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E'e-a-chín-che-a, Red Thunder, Son of Black Moccasin

1832 George Catlin Born: Wilkes-Barre, Pennsylvania 1796 Died: Jersey City, New Jersey 1872 oil on canvas 29 x 24 in. (73.7 x 60.9 cm) Smithsonian American Art Museum Gift of Mrs. Joseph Harrison, Jr. 1985.66.172 Not currently on view

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“The son of [Hidatsa chief] Black Moccasin . . . who is reputed one of the most desperate warriors of his tribe, I have also painted at full length, in his war-dress, with his bow in his hand, his quiver slung, and his shield upon his arm. In this plight, [without] headdress, [without] robe, and [without] everything that might be an useless incumbrance---with the body chiefly naked, and profusely bedaubed with red and black paint, so as to form an almost perfect disguise, the Indian warriors invariably sally forth to war.” George Catlin painted Red Thunder at a Hidatsa village in 1832. (Catlin, Letters and Notes, vol. 1, no. 23, 1841; reprint 1973)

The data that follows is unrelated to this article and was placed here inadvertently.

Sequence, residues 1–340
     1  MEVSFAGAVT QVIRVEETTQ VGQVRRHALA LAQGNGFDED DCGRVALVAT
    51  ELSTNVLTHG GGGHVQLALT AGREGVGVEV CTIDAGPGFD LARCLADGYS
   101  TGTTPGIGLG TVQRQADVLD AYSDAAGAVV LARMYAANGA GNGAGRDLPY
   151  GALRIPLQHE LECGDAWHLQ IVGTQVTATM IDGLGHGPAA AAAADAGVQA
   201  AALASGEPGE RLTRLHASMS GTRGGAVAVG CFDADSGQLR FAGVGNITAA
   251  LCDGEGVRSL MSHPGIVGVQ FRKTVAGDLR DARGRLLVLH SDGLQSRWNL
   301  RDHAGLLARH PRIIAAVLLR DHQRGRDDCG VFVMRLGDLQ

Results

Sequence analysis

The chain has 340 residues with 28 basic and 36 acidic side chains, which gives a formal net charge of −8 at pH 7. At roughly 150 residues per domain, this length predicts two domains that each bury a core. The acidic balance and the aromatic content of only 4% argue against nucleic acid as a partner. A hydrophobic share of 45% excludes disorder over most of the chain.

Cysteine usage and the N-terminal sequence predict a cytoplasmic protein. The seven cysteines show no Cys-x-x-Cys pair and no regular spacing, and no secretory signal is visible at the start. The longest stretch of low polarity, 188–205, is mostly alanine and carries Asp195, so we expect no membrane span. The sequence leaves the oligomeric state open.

Dress - accessory - shield

Dress - ethnic - Indian dress

Ethnic - Indian - Hidatsa

Object - weapon - bow and arrow

Portrait male - Red Thunder - full length


paint - oil

fabric - canvas

metal - aluminum - support added